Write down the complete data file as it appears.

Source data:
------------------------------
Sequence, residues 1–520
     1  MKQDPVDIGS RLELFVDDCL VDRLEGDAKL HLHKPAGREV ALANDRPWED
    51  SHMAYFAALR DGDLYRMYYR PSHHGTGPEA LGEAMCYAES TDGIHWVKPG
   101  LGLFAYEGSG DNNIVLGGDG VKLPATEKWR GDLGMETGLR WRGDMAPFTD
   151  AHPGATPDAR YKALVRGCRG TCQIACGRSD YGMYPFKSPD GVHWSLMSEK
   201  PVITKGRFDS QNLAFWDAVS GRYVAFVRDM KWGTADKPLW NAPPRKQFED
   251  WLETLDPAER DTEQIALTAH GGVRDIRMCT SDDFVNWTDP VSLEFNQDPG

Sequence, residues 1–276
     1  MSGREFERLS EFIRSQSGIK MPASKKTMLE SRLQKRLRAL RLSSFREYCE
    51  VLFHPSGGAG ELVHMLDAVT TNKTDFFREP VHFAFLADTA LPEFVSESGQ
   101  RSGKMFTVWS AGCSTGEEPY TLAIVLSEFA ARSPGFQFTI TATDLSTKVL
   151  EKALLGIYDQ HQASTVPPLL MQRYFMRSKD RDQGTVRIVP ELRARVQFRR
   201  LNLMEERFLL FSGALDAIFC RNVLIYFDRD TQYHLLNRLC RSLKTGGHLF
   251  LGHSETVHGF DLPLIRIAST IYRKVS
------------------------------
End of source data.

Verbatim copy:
Sequence, residues 1–520
     1  MKQDPVDIGS RLELFVDDCL VDRLEGDAKL HLHKPAGREV ALANDRPWED
    51  SHMAYFAALR DGDLYRMYYR PSHHGTGPEA LGEAMCYAES TDGIHWVKPG
   101  LGLFAYEGSG DNNIVLGGDG VKLPATEKWR GDLGMETGLR WRGDMAPFTD
   151  AHPGATPDAR YKALVRGCRG TCQIACGRSD YGMYPFKSPD GVHWSLMSEK
   201  PVITKGRFDS QNLAFWDAVS GRYVAFVRDM KWGTADKPLW NAPPRKQFED
   251  WLETLDPAER DTEQIALTAH GGVRDIRMCT SDDFVNWTDP VSLEFNQDPG

Sequence, residues 1–276
     1  MSGREFERLS EFIRSQSGIK MPASKKTMLE SRLQKRLRAL RLSSFREYCE
    51  VLFHPSGGAG ELVHMLDAVT TNKTDFFREP VHFAFLADTA LPEFVSESGQ
   101  RSGKMFTVWS AGCSTGEEPY TLAIVLSEFA ARSPGFQFTI TATDLSTKVL
   151  EKALLGIYDQ HQASTVPPLL MQRYFMRSKD RDQGTVRIVP ELRARVQFRR
   201  LNLMEERFLL FSGALDAIFC RNVLIYFDRD TQYHLLNRLC RSLKTGGHLF
   251  LGHSETVHGF DLPLIRIAST IYRKVS